Shun Electoral Violence, Goodluck Jonathan Foundation Urges Stakeholders 

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Goodluck-Jonathan
Former President of Nigeria, Dr. Goodluck Jonathan
  • Akinyemi advises Nigerians to welcome foreign observers 

By Shola Oyeyipo in Abuja 

The Goodluck Jonathan Foundation (GJF) has identified peaceful elections as panacea for growth and development that must be rigorously pursued, and urged the government and other stakeholders to avoid post-election crisis after the forthcoming polls.

This was the conclusion of a one-day conference on ‘Peaceful Elections and National Development’ held last Thursday in Abuja.

Also, a former Minister of External Affairs, Prof.  Bolaji Akinyemi, has warned against violence in the forthcoming elections and urged Nigerians to welcome foreign observers to monitor the elections.

According to the communiqué released yesterday, the participants at the Conference chaired by former Head of State of Nigeria and Chairman of the National Peace Committee, General Abdulsalami Abubakar (rtd), called on stakeholders in the general election in Nigeria to play by the rules and avoid utterances and actions that may precipitate violence.

The group also called on the Independent National Electoral Commission (INEC) and security agencies on the need to be professional and non-partisan in the performance of their duties.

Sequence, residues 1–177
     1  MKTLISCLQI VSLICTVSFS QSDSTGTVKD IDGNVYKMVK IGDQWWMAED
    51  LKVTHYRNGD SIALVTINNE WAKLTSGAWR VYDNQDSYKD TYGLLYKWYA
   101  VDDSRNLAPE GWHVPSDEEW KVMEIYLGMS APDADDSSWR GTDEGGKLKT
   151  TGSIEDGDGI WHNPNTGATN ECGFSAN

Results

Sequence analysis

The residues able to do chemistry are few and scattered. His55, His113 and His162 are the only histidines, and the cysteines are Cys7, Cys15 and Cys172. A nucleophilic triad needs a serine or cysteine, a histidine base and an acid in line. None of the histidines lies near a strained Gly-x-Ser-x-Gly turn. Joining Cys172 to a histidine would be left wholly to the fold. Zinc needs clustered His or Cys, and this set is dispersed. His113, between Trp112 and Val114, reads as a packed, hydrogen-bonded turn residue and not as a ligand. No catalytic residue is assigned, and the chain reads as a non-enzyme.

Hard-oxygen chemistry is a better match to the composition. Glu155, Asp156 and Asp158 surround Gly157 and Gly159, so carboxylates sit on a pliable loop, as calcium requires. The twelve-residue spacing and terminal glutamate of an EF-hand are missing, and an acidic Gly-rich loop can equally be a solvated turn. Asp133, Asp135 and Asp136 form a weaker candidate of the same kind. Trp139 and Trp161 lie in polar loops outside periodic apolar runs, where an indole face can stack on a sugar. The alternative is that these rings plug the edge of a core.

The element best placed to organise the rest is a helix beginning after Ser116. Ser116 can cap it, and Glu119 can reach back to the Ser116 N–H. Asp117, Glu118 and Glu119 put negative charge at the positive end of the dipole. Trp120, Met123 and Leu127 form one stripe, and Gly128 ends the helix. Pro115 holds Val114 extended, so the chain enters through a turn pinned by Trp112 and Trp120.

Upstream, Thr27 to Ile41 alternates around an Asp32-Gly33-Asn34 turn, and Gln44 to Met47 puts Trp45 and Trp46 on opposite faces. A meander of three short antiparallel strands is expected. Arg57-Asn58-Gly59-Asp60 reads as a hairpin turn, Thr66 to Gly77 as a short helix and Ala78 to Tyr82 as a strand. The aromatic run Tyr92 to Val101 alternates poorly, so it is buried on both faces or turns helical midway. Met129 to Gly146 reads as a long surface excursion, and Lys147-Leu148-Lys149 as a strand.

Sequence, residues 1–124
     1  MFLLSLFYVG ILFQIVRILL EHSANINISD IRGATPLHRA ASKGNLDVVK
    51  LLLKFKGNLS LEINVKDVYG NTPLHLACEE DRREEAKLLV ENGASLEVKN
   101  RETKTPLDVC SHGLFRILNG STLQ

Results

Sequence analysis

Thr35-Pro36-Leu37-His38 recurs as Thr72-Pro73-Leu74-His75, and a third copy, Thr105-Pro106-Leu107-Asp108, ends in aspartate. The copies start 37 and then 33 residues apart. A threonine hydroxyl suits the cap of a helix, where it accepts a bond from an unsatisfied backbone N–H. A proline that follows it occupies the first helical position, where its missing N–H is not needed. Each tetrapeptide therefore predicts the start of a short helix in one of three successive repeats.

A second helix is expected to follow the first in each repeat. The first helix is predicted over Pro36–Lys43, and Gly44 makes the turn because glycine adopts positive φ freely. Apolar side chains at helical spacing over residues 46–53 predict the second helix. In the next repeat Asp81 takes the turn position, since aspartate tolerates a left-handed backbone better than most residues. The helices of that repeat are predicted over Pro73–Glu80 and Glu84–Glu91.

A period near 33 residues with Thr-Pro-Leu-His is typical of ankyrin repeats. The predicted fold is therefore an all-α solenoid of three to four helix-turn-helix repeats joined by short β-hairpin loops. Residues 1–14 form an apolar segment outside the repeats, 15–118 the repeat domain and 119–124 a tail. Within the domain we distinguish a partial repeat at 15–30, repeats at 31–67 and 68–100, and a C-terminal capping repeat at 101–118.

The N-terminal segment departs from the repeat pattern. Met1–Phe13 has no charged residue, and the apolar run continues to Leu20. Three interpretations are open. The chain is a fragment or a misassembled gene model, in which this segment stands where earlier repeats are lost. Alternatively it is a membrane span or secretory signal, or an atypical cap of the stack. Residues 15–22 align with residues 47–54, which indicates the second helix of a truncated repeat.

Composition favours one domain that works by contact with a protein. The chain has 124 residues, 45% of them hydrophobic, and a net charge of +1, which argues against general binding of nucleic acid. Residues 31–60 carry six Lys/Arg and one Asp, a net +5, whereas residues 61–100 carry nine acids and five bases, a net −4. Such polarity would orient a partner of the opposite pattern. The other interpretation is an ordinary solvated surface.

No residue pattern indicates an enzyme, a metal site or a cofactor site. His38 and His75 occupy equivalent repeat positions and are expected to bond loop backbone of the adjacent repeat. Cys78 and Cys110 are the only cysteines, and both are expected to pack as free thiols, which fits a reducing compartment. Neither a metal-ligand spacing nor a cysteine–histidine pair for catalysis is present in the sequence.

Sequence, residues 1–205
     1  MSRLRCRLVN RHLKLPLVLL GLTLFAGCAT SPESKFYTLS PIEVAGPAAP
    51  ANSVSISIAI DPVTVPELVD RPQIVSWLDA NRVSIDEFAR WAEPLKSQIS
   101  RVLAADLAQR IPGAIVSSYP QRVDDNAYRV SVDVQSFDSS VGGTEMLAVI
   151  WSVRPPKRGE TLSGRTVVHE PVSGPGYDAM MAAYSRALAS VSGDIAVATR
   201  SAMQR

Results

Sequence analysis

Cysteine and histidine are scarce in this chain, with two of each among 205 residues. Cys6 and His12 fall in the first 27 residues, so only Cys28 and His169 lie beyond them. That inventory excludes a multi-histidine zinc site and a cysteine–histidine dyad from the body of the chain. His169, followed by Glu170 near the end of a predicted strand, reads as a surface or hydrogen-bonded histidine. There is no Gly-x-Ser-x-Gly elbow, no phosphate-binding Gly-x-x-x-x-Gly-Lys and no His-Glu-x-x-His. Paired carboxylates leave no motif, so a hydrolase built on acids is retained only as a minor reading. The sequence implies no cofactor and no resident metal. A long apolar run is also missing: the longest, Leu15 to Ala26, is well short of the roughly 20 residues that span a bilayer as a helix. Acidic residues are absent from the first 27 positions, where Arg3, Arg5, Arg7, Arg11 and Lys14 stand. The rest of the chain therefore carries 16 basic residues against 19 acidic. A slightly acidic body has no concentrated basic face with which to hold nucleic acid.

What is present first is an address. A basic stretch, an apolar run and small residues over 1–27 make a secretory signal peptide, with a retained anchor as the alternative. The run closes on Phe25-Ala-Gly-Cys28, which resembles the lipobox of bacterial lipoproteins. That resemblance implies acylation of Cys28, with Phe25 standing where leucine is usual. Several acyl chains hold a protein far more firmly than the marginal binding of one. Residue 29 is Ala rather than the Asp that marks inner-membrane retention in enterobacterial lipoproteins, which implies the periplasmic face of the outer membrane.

“The government of Nigeria should ensure the security of lives and property as enshrined in the nation’s 1999 constitution before, during and after the 2019 general election.

“African leaders and politicians should refrain from labelling opponents as liars, looters and enemies, as such unsubstantiated name-calling could trigger violent reactions. Efforts should be made by national governments, civil society organisations and community leaders in Africa to prevent post-election crises;

“Regional and sub-regional organisations like the African Union and ECOWAS should encourage and promote good governance by establishing a reward system for exemplary leaders in Africa,” the communiqué reads.

While participant were unanimous in their agreement that inclusive and people-centred leadership should be the focus of national governments in order to mainstream peace-building in the course of governance, having underscored the nexus of violent conflicts and underdevelopment, African leaders were also advised to resolve conflicts through peaceful means.

The communiqué urged the foundation itself to leverage on the vision of its founder, former Nigerian president, Dr. Goodluck Jonathan, in developing programmes to promote the conduct of peaceful elections and democratic consolidation in Africa.

The well-attended event attracted 550 participants,  which included former heads of state, members of the diplomatic community, development partners, the ECOWAS Commission, Nigeria Police Force, academia, civil society organisations, media, women and youth leaders.